Blake Edwards’ The Pink Panther Film Collection Starring Peter Sellers (Shout! Factory/Shout Select)

A mouthful certainly but worth asking for, this six-disc Blu-ray set marks the first time that all the incomparable Peter Sellers’ outings as Inspector Clouseau are together in a single collection. (A sticky rights situation with The Return of the Pink Panther—the most caper-y of the bunch and one of my all-time favorites—always seemed to set it apart from the previous MGM/UA releases.) It all began with a stolen diamond in The Pink Panther (1964), then A Shot in the Dark (1964), Return (1975), The Pink Panther Strikes Again (1976) and Revenge of the Pink Panther (1978), plus the bizarre hodgepodge of footage known as Trail of the Pink Panther (1982, more than two years after Sellers’ passing). Most have never been available on Blu-ray before, while two—A Shot in the Dark and Strikes Again—received new 4K scans of their interpositives for this occasion, and the upgrade shows.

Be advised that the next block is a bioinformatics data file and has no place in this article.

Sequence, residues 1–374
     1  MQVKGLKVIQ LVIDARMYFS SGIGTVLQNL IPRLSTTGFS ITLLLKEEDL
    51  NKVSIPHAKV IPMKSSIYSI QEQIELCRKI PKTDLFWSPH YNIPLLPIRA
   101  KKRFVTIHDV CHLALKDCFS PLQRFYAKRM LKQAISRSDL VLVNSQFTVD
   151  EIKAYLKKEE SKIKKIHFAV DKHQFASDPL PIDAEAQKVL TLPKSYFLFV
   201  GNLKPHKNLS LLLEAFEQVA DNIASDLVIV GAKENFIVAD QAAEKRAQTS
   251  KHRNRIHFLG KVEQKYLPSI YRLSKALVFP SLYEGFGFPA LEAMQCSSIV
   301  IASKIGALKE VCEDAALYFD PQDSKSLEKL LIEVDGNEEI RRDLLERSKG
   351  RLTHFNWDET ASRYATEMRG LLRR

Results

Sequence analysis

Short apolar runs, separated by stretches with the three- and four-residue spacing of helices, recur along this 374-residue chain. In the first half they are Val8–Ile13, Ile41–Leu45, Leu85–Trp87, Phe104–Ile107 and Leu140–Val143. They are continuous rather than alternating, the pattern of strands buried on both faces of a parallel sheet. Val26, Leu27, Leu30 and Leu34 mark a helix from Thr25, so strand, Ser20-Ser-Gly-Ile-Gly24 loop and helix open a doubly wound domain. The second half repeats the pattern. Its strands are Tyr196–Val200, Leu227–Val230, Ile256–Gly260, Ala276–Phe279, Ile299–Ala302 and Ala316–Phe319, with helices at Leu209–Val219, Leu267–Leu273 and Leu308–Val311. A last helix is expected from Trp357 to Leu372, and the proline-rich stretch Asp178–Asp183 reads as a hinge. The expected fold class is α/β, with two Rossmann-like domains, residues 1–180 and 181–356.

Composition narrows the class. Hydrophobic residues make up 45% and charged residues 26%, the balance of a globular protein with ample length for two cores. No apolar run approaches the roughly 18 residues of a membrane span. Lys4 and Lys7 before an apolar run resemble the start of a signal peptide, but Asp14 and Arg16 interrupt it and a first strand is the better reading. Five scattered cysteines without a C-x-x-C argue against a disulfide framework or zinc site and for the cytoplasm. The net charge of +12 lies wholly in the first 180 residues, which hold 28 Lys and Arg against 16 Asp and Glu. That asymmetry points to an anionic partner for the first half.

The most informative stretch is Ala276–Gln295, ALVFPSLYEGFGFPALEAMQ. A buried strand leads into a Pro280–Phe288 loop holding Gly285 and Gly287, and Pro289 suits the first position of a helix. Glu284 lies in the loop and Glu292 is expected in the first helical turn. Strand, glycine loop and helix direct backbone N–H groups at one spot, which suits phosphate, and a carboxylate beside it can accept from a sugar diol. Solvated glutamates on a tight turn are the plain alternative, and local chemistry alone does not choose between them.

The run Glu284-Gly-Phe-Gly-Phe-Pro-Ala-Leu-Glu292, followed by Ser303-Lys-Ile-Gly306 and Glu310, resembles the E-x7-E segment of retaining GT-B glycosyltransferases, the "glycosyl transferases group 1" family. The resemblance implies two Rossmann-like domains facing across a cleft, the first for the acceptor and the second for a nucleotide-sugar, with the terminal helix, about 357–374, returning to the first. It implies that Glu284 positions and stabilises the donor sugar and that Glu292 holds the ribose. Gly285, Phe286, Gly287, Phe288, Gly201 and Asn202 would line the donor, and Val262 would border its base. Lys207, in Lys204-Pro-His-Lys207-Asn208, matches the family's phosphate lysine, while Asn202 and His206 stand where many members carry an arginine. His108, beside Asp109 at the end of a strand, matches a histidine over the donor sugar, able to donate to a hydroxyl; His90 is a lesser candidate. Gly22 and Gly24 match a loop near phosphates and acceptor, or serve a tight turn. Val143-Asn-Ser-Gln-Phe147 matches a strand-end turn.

Sprinkled across the sextet of discs are new interviews with co-stars Claudia Cardinale, Catherine Schell and Lesley-Anne Down (triple sigh…) among others, plus still galleries for each title and a total of five new expert audio commentaries. Vintage “making of” shorts are supplied as well as ported DVD featurettes and an archival commentary on the original Pink Panther by the man himself, Mr. Blake Edwards.

Sgt. Pepper’s Lonely Hearts Club Band Special Collector’s Anniversary Edition (Universal Music)

Through the kind indulgence of TheaterByte editor Brandon DuHamel, I’ve learned the thrill and enjoyment of multi-disc boxed sets dedicated to a single seminal album. But what if the album in question is (debatably) the most cherished and influential of all time? We now know the answer because Universal Music’s much-touted golden anniversary Sgt. Pepper’s Lonely Hearts Club Band is here, and it’s every byte as spectacular as we could hope for. This super-deluxe six-disc set contains four CDs, a DVD and a Blu-ray (as of press time, this box is the only way to get the Blu-ray), highlighted by the phenomenal new stereo mix of the classic album by Giles Martin. With the Blu-ray’s new 96kHz/24-bit Dolby True HD 5.1, DTS-HD Master Audio 5.1 plus Linear PCM stereo remixes, we are offered a new appreciation made possible by the latest technological innovation both in its creation and playback. It’s faithful, and certainly respectful, but with a newfound depth and clarity that creeps up on the listener.